It's the summer of 2013 and I'm sitting on the beach in the South of France when Annika my friend and founder of Source Recruitment rings and asks if I would write a blog about getting a job in the industry. 10 years later I still find this so relevant.
Have a read!
Adapt to survive
In an industry that’s constantly changing, it’s important that you adapt to modern culture. Gone are the days of the printed CV, and your work being presented in a black A2 portfolio. Today we’re all social and online, so whether you’re a new kid on the block, or have been around for some time, it’s important you are connected and communicate in the right way. In this blog I’m going to give you insider knowledge on getting that elusive first job, or help you take the next step in your career.
There are two types of people I come across regularly when I’m looking to hire. Those who are up for it, have the drive I have, and are willing to do anything to succeed. And then the ones who think the world owes them a living, and just expect a job. If you’re the latter then you won’t get very far, if you’re the former, let’s crack on.
First up we need to get you online and connected, so if you’ve got your CV on a word doc, now’s the time to throw it in the bin. LinkedIn is your CV, so no matter what position you are currently in, you should have a LinkedIn account. When I’m looking to hire this is always my first port of call to gain some quick background and knowledge on you, so it’s important that this is up to date, because here’s where you sell yourself.
Secondly I want to see your work, so you need to get it online. You can either build your own site, and with today’s online tools like WordPress these are easier than ever to create, or you can simply put all your work on www.behance.net. Remember one thing, it’s all about the work. I see so many online portfolios with complex navigation that distracts from the work. Keep it simple and easy to use.
Now you’re up and running, and ready to connect. The creative industry is vast and there are many different sectors, so you need to decide what sector you want to work in, and focus on that.
Which company do you want to work for?
Once you have decided what sector of the Creative industry you want to work in, decide what kind of company you want to work for, get the name and email of the Design/Creative Directors, and contact them. If they’re too busy, ask if it’s possible to see one of their deputies. One little tip, don’t go with the ‘do you have any jobs?’ angle, ask ‘can I get your advice?’. It’s just 10 minutes of their time over a coffee for a short book crit (oh, and make sure you buy the coffee!).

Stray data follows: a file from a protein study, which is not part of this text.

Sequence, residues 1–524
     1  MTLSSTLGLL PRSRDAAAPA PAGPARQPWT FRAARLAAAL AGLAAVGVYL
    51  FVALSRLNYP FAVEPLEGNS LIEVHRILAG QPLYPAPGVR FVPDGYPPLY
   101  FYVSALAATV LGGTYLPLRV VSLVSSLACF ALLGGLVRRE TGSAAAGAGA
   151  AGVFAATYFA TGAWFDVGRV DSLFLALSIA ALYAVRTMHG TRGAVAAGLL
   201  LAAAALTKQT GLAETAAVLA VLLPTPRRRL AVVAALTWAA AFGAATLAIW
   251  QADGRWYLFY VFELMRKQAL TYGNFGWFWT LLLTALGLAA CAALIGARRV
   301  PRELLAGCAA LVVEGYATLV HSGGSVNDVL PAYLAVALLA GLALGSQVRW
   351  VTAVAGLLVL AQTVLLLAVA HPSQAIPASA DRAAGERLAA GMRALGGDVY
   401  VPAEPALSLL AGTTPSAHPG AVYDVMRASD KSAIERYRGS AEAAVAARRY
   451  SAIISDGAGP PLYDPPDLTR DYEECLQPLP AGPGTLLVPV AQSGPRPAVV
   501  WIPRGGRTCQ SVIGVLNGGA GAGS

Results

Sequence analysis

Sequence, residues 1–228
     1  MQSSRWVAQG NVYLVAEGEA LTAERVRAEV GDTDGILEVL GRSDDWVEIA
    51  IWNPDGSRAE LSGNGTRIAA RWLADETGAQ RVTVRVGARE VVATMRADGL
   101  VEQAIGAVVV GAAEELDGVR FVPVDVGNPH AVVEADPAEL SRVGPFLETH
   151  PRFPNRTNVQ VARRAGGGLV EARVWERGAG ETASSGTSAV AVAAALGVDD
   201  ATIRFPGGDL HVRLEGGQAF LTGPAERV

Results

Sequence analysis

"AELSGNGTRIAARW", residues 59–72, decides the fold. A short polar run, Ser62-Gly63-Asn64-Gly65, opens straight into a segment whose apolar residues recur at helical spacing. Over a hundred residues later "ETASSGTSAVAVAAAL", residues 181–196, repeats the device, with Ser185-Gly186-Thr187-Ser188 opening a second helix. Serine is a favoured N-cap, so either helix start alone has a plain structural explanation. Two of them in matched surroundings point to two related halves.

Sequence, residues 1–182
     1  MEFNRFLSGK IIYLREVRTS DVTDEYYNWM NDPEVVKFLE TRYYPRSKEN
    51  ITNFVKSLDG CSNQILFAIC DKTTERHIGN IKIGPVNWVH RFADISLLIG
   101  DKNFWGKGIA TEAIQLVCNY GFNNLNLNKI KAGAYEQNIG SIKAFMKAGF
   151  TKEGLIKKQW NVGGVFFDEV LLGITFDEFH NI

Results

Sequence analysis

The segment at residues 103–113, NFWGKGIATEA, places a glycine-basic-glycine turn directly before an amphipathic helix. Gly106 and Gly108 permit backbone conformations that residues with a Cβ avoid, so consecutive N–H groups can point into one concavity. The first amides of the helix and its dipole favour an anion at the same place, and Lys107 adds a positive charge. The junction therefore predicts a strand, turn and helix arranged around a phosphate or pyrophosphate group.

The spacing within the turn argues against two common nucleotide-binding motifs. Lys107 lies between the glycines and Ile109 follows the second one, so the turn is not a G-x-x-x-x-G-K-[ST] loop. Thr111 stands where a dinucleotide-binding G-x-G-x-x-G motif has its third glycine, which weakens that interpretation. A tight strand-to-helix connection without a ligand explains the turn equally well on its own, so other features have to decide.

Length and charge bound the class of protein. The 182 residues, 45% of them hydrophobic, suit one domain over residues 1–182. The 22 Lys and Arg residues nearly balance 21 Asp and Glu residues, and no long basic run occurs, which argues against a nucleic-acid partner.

A book crit is pretty much an interview, so be prepared. Make sure you bring your own iPad or laptop and run your presentation locally from your machine, as you can’t guarantee Wi-Fi where you’re meeting. The amount of people I’ve seen who turn up without the right equipment is shocking, and really puts potential employers off as they have to find a computer for you to use. Most book crits will happen in a meeting room or in the agency’s reception, so if you don’t bring your own kit you might as well not bother. When your kit’s sorted, get some background on the person you’re meeting, the work that the agency do, and any recent industry news about them. I like people who have done their research on my work and the agency’s, because it shows they’re serious about the job.
Get feedback on your work
Treat the book crit as a discussion about your current work, so get honest feedback on your work, and how you could make it better. During the meeting make sure you ask questions about them, their career, their agency, and of course ask about work placements. In today’s market you may have to work unpaid or take minimum wage for a bit, but this is the best way to get your foot in the door. If you are fortunate enough to get a placement, it’s show time. The ball’s now in your court, and it’s up to you to deliver. 80% of the people I have brought in on a placement I have hired, because they’ve proven they can do the job.
Yes, design directors like me are always busy, but we will find time to see the next generation of talent, so be enthusiastic, and don’t take no for an answer. In today’s times of austerity it’s more important than ever that you are proactive, and make things happen for yourself. You really only get one shot to impress someone, so make it count.
Good luck, and go get ‘em.
Founder / Chief Creative Officer